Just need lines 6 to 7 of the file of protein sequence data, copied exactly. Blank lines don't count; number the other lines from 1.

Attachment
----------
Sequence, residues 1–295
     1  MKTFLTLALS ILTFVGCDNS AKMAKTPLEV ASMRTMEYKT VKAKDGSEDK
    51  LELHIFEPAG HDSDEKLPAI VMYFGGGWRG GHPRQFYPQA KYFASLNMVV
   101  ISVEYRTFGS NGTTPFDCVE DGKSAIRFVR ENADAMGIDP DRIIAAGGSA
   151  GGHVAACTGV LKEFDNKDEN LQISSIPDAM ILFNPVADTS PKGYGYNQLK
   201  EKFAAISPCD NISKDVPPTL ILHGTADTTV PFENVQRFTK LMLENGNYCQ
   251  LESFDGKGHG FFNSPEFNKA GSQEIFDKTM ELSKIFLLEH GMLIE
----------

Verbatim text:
   201  EKFAAISPCD NISKDVPPTL ILHGTADTTV PFENVQRFTK LMLENGNYCQ
   251  LESFDGKGHG FFNSPEFNKA GSQEIFDKTM ELSKIFLLEH GMLIE